In my specialty of Ear, Nose and Throat I frequently have patients sent to me for evaluation of problems with his or her balance. A major reason is that disorders and problems with the inner ear are frequently associated with dizziness or vertigo. But not all disorders of the balance system are related to ear problems. And many of them are complex medical issues with no easy cure.
What is balance? The dictionary definition is “a condition of stability and equilibrium”. That is a fair starting point for discussion. Whether we are walking, standing, turning around or dancing, balance is essential to keep us upright and provide our brain and other sense organs of a feeling of stability and calmness.
The balance center of our bodies is located towards the base of the brain. It is often described as a computer analyzing information that tells us if we are stable, moving or about to fall. The information gets to the balance center from our eyes, which tell us where we are located compared to our surroundings or the far horizon. Information also comes from sensory nerve fibers in our inner ears. Additionally the balance center gets input from our spinal cord position, especially in the neck, a process known as proprioception. Therefore any condition that limits vision (such as walking into a dark bathroom at night or down the hill of a dark movie theater) can throw a weakened balance system off. Multiple diseases of the balance portion of the inner ear occur and can be simple or very difficult to treat. Neck pain, stiffness and decreased mobility will also lead to balance disorders.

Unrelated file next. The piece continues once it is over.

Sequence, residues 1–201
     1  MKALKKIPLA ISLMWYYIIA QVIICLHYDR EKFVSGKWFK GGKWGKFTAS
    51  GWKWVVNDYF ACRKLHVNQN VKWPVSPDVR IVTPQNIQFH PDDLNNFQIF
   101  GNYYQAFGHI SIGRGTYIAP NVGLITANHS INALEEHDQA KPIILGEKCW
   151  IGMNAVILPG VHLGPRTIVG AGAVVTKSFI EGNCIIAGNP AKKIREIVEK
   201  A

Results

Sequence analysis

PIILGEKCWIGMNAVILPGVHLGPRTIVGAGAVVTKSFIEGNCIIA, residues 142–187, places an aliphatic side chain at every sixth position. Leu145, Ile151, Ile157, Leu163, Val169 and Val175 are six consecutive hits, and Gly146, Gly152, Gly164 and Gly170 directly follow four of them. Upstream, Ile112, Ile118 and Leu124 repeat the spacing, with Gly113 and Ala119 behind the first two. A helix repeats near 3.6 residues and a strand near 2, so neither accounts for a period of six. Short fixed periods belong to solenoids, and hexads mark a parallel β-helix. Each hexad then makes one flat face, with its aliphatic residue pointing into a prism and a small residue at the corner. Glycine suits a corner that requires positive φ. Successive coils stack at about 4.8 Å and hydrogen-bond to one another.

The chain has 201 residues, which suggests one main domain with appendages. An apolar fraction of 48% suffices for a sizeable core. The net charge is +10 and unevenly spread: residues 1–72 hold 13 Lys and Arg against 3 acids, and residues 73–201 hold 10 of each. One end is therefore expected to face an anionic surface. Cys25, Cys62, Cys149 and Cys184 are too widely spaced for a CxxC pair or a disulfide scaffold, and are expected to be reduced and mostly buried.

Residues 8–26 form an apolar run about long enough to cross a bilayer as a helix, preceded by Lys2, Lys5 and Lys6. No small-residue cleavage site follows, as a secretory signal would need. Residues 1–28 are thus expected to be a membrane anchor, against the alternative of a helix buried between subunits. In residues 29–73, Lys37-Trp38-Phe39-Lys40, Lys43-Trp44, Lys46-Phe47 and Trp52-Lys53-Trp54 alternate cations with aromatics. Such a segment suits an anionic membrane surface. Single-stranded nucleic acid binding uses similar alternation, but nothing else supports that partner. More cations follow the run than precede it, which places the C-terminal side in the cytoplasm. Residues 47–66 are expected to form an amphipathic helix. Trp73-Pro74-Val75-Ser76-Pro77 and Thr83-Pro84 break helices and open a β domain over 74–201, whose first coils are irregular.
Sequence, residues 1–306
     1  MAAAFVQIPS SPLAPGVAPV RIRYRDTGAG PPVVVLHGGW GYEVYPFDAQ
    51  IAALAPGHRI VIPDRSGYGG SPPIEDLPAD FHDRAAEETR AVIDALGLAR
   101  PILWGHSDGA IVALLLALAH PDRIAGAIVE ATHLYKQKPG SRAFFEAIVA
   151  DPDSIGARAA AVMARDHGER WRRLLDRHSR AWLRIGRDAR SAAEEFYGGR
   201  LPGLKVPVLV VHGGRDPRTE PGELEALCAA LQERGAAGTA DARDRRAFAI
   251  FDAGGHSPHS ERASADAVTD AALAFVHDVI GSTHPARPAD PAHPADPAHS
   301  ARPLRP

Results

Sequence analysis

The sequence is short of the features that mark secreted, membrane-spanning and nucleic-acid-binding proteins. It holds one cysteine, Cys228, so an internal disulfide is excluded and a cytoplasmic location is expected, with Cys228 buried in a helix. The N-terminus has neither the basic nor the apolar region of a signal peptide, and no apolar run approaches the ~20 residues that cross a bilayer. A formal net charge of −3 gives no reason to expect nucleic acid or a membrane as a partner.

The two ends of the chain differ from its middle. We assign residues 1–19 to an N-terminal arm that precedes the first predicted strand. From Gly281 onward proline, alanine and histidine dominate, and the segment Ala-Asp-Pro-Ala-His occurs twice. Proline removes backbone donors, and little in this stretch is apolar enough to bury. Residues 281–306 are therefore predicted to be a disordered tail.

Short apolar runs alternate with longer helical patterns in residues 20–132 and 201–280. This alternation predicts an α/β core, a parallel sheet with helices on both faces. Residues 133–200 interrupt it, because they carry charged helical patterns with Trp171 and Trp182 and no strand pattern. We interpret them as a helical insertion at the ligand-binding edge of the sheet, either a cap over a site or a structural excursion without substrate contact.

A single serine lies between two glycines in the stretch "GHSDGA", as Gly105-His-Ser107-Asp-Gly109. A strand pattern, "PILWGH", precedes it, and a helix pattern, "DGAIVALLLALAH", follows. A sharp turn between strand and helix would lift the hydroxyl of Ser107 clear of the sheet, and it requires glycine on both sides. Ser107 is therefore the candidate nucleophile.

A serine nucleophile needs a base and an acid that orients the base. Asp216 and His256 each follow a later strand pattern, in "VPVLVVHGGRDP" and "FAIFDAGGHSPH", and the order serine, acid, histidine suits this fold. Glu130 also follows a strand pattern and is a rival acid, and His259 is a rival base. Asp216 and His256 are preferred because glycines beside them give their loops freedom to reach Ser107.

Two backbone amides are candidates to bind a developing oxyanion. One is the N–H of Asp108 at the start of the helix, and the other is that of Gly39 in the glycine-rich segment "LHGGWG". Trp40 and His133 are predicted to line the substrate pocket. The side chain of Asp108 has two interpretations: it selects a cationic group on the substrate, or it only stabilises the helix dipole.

One thing I cannot stress enough is that the best treatment for almost every balance disorder is physical activity. I know many people do not want to hear this, but our balance system is like our muscles. Regular exercise and actually stressing the balance system is essential for its health. You cannot expect to go from the bed in the morning to the breakfast table to the couch to the easy chair to the bed at night without losing much of your balance system. Use it or lose it applies.
Unfortunately I see many patients who want the convenience of a pill to cure everything. And while medicine has multiple “wonder drugs” very few exist to heal a weakened balance system.
Activities that help maintain a healthy balance include dancing, yoga, Pilates, swimming or water aerobics, bicycle riding and simple maneuvers such as standing on one foot (you can hold on to a wall or table top). If you sit or lay down on the floor and cannot get up without assistance, please get motivated to improve your balance and your overall health.